Green Star: basics and causes
What exactly is a Green Star? The same as a glaucoma? How dangerous is this eye disease? More in this chapter.
The green star is the vernacular term for glaucoma. Generally, the glaucoma or glaucoma is equated with increased intraocular pressure. That is not quite true. Only around 60% of glaucoma patients actually have increased eye pressure. Many others in the eye region only react very sensitively, e.g. on elevated blood pressure values without being noticed during eye pressure measurement.
Yes and no. Today, the terms are used largely synonymous. That it came to, but is based on a translation error. Originally "star" in German-speaking ophthalmology since the 8th century for lens opacities, while "glaucoma" actually referred to a disease of the optic nerve.
The green star, medically called glaucoma, may in principle occur at any age. However, it is nevertheless a typical aging phenomenon. The most common form is primary open-angle glaucoma and this typically develops after the age of 40 years.
Basically, it can be assumed that a glaucoma (medical: glaucoma) can develop in any human being at any age. With older age, however, the probability of disease increases significantly. From the age of 40, regular screening tests are recommended, and people over the age of 65 are considered at risk.
From the medical point of view, no prevention is possible against the appearance of the green star (glaucoma), but against its progression. With the help of ophthalmological examination methods, the disease is already recognizable, if no appreciable consequences have been set for you.
Yes, that seems to be the case. Because a green cataract (medical: glaucoma) is caused by an excess of aqueous humor in the eye. And that is often based on a mismatch of production and runoff. The emphasis is on an increased drainage resistance. A possible main cause of the disease today is a circulatory disorder, which is based on a dysregulation of the vessels.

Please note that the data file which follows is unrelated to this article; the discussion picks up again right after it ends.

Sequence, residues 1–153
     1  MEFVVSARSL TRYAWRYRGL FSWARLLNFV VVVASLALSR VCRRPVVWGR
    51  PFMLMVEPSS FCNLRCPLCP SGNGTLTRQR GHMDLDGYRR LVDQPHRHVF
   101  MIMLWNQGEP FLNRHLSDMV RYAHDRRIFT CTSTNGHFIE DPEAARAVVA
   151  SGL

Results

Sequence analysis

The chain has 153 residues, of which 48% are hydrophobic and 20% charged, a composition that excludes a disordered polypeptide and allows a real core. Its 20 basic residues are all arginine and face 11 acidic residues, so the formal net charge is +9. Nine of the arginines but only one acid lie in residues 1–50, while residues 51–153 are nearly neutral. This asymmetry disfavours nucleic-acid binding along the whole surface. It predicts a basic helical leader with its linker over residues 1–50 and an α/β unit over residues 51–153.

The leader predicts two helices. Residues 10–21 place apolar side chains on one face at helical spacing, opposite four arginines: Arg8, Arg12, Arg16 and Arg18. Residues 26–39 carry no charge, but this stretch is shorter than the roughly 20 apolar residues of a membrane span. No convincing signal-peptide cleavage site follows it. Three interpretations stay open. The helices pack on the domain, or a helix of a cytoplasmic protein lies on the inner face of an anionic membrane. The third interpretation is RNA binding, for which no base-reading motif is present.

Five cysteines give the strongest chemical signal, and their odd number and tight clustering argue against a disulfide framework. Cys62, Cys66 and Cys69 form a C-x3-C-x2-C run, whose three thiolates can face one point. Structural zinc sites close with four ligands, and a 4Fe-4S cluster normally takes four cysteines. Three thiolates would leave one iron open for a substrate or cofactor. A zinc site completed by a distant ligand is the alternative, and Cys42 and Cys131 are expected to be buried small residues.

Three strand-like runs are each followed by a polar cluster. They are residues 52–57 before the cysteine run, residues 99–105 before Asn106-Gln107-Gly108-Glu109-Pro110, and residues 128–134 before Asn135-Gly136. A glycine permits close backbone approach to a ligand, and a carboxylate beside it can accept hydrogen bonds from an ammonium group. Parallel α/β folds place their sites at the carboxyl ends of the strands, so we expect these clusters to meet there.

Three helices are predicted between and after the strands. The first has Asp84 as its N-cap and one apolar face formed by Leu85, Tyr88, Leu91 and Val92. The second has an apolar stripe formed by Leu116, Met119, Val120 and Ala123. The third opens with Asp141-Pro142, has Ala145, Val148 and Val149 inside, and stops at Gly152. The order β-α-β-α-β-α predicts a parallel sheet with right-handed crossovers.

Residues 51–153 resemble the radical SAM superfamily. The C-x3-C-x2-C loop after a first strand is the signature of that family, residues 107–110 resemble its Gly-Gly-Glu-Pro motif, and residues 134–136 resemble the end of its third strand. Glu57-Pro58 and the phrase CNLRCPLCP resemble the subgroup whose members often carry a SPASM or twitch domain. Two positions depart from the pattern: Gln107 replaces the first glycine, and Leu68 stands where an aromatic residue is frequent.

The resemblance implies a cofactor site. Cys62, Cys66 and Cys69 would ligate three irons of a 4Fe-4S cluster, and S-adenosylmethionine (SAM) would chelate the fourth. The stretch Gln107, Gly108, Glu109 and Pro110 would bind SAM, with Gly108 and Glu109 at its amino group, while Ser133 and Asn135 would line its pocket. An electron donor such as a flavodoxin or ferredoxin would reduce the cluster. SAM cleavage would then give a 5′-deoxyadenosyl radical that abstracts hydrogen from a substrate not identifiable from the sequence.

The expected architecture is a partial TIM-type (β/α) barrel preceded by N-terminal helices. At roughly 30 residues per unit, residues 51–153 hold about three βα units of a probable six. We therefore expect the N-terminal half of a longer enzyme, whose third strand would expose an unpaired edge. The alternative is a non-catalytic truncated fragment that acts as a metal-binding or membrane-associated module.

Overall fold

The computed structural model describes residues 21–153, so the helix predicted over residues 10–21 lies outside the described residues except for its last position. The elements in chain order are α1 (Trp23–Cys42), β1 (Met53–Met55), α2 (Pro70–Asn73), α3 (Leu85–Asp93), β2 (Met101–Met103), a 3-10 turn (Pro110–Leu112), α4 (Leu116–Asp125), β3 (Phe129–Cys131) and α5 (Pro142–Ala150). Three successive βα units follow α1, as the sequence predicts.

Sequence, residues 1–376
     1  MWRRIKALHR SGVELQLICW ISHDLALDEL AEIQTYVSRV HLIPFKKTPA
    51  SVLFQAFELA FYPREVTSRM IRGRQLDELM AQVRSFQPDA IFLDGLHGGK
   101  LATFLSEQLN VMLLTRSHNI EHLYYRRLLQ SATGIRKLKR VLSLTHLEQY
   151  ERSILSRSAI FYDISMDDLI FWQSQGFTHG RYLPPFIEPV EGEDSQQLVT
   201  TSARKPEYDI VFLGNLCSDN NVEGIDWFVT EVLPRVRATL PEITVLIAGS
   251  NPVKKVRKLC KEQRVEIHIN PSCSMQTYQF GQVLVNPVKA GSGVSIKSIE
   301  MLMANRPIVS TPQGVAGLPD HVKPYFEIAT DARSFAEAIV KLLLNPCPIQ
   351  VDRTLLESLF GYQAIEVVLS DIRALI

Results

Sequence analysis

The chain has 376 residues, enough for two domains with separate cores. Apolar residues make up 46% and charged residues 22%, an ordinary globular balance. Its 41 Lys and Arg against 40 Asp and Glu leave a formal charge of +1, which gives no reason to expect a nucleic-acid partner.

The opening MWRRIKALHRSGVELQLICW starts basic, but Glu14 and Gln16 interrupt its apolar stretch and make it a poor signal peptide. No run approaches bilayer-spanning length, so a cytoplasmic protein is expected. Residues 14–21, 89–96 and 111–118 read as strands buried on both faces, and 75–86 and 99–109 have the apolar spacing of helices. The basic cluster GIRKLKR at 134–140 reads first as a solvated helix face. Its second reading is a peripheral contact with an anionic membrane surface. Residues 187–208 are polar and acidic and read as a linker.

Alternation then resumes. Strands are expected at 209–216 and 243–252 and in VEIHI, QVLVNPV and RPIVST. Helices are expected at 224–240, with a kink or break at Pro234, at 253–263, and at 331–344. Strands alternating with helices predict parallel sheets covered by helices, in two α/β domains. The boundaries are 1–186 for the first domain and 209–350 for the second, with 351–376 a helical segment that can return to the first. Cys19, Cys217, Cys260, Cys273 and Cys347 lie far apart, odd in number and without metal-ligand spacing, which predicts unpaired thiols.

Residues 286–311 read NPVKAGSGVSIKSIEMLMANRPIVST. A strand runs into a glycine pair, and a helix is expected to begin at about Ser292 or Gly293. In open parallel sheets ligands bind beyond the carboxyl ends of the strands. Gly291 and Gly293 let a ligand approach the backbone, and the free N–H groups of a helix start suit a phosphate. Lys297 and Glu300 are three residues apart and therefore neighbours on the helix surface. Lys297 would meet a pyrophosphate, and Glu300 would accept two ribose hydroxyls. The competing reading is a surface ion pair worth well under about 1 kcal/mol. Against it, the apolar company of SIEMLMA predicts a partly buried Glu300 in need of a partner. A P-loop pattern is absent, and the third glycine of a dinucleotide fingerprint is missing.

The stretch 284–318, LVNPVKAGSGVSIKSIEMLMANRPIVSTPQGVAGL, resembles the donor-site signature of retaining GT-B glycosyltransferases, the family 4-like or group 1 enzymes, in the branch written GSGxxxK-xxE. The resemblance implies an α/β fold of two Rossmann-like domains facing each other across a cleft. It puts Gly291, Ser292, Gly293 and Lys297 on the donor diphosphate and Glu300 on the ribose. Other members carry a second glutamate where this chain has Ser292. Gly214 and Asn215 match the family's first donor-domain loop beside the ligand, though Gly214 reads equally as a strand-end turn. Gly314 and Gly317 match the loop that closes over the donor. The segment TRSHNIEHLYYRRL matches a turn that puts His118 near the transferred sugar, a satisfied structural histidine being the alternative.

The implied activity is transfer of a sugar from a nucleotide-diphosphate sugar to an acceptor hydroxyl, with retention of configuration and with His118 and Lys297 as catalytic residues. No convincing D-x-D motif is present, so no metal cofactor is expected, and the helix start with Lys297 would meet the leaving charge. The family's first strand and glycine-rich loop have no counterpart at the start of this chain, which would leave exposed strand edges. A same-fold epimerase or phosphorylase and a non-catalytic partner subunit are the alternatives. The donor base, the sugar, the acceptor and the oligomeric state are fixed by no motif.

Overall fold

No. Most people with elevated intraocular pressure later do not get a green cataract or glaucoma, as the Green Star is called medically. First, the increased ocular tension does not seem to be the main cause of glaucoma, as previously assumed. On the other hand, he is subject to strong daily time measurements.
No not always. But often. The most common form of green cataract is primary chronic open-angle glaucoma. Of these, usually, but not always, both eyes are affected. However, the disease develops in both eyes often time-delayed and varying degrees.
In the case of the green star (medical: glaucoma) there are the primary forms and those that occur secondarily, that is, as a consequence of another event. The course of events is also different: Adverse acute glaucoma is confronted with the much more frequent, long-unnoticeable chronic course.
Your psyche plays an important role in the Green Star, as with any other complex disease. Unfortunately, the ophthalmologist will probably not be able to help you with this. For the understanding of the psycho-physical connections is still far too little lived in scientific and practical medicine. Incidentally, this does not only apply to the so-called conventional medical sector.
In the healthy eye, eye pressure is balanced in a fine control system. The focus is on the aqueous humor, ie the fluid in the eye chamber. If everything is alright in the eye, the formation and outflow of the aqueous humor constantly balance each other.
As the name suggests, there is mostly no elevated intraocular pressure in normal-pressure glaucoma. So with the eye pressure measurement no value over 21 mmHg. Nevertheless, this form of the green star also causes progressive damage to the optic nerve. Why and how, is by no means satisfactorily researched. However, several factors and explanations are known or discussed.